I thought, I swear, that I made up the name Eleanor Rigby like that ... But it seems that up in Woolton Cemetery, where I used to hang out a lot with John, there's a gravestone to an Eleanor Rigby. It was either complete coincidence or in my subconscious.

Ringo: I think the drugs were kicking in a little more heavily on this album. I don't think we were on anything major yet; just grass and acid. I feel to this day that though we did take certain substances, we never did it to a great extent at the session. We were really hard workers. That's another thing about the Beatles - we worked like dogs to get it right. Neil Aspinall (former road manager now head of Apple): Quite a bit of marijuana was being smoked. It made recording a bit slower, but it didn't affect the quality of the work.

Paul: I remember lying in bed one night, in that moment before you're falling asleep - that little twilight moment when a silly idea comes into your head - and thinking of "Yellow Submarine" - "We all live in a yellow submarine ..."

I quite like children's things; I like children's minds and imagination. So it didn't seem uncool to me to have a pretty surreal idea that was also a children's idea. I thought also, with Ringo being so good with children - a knockabout uncle type - it might not be a bad idea for him to have a children's song, rather than a very serious song. He wasn't that keen on singing.

The final track on Revolver, "Tomorrow Never Knows", was definitely John's. Round about this time people were starting to experiment with drugs, including LSD. John had got hold of Timothy Leary's adaptation of The Tibetan Book of the Dead, which is a pretty interesting book. For the first time we got the idea that, as with ancient Egyptian practice, when you die you lie in state for a few days, and then some of your handmaidens come and prepare you for a huge voyage ... With LSD, this theme was all the more interesting.

George: The lyrics [of "Tomorrow Never Knows"] are the essence of Transcendentalism. You can hear it a lot and not know really what it is about. Basically it is saying what meditation is all about. The goal of meditation is to go beyond (that is, transcend) waking, sleeping and dreaming. So the song starts out by saying, "Turn off your mind, relax and float downstream, it is not dying".

George Martin: John never liked his voice. I don't know why, because he had the greatest of voices ... He was always wanting to distort his vocal, asking me to do things to it: double-track it, or artificially double-track it, or whatever.

For "Tomorrow Never Knows" he said to me he wanted his voice to sound like the Dalai Lama chanting from a hilltop ... By putting his voice through [a rotating speaker] and then recording it again, you got a kind of intermittent vibrato effect, which is what we hear on "Tomorrow Never Knows". I don't think anyone had done that before. It was quite a revolutionary track.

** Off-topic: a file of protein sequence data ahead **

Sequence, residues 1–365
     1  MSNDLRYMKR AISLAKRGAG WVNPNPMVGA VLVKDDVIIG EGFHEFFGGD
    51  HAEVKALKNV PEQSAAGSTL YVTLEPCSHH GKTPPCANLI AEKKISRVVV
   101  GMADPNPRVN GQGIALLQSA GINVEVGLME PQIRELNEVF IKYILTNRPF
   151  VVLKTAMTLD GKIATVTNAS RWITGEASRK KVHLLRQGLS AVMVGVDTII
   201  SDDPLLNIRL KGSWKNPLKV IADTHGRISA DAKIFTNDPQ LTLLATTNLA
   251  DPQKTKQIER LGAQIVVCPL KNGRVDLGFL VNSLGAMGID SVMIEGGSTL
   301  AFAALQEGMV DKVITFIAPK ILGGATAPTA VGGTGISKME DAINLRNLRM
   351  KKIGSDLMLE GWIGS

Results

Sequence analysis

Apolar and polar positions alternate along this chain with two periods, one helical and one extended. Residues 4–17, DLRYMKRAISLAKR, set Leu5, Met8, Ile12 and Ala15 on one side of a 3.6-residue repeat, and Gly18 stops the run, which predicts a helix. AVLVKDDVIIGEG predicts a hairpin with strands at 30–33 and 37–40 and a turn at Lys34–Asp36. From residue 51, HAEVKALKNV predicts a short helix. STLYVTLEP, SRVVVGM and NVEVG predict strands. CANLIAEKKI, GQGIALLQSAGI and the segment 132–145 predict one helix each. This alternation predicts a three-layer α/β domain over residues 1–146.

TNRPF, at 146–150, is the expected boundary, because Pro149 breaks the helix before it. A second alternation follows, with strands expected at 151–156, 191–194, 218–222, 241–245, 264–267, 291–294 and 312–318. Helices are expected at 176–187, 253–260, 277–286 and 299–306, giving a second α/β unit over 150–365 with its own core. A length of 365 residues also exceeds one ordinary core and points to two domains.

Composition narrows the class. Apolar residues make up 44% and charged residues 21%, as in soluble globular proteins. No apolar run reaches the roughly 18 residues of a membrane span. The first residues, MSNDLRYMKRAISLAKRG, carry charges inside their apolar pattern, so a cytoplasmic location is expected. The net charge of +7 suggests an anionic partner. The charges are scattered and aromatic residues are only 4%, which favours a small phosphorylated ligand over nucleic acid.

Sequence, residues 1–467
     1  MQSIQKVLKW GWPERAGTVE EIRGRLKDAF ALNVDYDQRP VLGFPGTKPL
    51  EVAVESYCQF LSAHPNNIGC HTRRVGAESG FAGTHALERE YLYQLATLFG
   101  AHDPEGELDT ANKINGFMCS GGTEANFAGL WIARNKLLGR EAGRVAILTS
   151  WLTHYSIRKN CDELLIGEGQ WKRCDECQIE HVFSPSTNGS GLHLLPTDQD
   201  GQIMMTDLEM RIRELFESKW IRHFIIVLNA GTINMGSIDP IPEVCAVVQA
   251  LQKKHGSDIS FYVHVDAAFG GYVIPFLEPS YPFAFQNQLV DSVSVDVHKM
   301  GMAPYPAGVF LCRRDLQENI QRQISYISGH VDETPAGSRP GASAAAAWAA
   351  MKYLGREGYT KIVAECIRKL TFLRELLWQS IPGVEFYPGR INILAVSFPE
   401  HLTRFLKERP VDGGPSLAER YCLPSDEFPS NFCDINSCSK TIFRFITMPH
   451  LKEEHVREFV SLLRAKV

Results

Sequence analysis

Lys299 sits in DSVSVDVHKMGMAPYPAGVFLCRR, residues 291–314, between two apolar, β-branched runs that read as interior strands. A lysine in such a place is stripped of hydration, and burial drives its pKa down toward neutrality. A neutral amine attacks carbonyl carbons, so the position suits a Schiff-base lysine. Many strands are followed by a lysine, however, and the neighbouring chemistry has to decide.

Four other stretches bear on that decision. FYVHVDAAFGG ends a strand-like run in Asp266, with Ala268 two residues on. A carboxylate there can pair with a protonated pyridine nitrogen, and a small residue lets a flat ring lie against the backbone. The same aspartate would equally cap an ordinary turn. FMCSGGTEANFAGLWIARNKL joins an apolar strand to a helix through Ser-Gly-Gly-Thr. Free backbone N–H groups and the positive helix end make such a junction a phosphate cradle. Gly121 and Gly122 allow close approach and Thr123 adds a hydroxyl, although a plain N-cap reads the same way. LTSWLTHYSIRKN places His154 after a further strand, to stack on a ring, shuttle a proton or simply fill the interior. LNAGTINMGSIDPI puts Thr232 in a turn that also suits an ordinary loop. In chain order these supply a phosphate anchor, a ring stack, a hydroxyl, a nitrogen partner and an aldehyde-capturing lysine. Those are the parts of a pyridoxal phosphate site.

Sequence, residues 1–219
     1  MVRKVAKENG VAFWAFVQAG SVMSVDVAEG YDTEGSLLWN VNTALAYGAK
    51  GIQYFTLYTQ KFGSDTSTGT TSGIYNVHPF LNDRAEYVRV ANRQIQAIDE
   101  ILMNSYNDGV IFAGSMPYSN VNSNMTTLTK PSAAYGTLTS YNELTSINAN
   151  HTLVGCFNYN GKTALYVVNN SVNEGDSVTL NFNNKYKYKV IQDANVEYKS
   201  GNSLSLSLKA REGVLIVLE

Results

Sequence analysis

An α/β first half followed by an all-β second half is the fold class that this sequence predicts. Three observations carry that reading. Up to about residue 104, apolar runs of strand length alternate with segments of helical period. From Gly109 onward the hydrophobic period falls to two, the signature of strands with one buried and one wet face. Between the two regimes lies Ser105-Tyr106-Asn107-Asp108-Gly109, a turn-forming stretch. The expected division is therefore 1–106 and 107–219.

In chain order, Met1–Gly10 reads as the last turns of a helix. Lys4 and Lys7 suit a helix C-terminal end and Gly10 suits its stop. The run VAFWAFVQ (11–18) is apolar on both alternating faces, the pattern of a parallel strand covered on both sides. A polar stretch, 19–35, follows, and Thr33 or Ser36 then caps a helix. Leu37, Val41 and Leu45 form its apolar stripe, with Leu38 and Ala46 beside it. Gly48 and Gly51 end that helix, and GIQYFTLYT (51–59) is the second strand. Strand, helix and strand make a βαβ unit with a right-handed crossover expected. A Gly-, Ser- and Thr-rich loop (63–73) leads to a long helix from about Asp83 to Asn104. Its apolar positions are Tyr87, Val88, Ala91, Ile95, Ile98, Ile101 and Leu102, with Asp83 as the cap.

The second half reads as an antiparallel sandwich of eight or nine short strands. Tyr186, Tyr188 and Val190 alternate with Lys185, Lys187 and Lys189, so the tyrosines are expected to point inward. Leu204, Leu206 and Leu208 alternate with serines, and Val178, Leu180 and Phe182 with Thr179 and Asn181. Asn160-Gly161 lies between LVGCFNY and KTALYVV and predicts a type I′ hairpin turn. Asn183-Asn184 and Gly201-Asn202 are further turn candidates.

Paul: People were starting to lose their pure-pop mentality and mingle with artists. We knew a few actors, a few painters; we'd go to galleries because we were living in London now. A kind of cross-fertilisation was starting to happen. While the others had got married and moved out to suburbia, I had stayed in London and got into the arts scene through friends like Robert Fraser and Barry Miles and papers like the International Times ...

I always contend that I had quite a big period of this before John really got into it, because he was married to Cynthia at that time. It was only later when he went out with Yoko that he got back into London and visited all the galleries.

George: As time went by, the technology we were now using on records didn't allow us to play a lot of songs live on tour. In those days there was no technology on stage. We were just a little dance-hall band and we never really thought of augmenting ourselves. We thought, "Well, we can't. We'll do it to the best of our ability until the point where we can't really do it, and then we'll miss it out." So around this time we were starting to miss out a lot of record tracks on live shows.

"Paperback Writer", for instance, was all double-tracked, and it sounded pretty crummy on stage. So what we did with it (in the US tour at least) was get to the point where it was particularly bad, and then we'd do our "Elvis legs" and wave to the crowd, and they'd all scream and it would cover that ... The screaming did cover a lot of worrying moments.

'The Beatles Anthology' (Cassell & Co) can be bought for £35 (inc p&p, UK only) by phoning 01903 828503, quoting reference CLBA4. Books will be sent out from 5 October.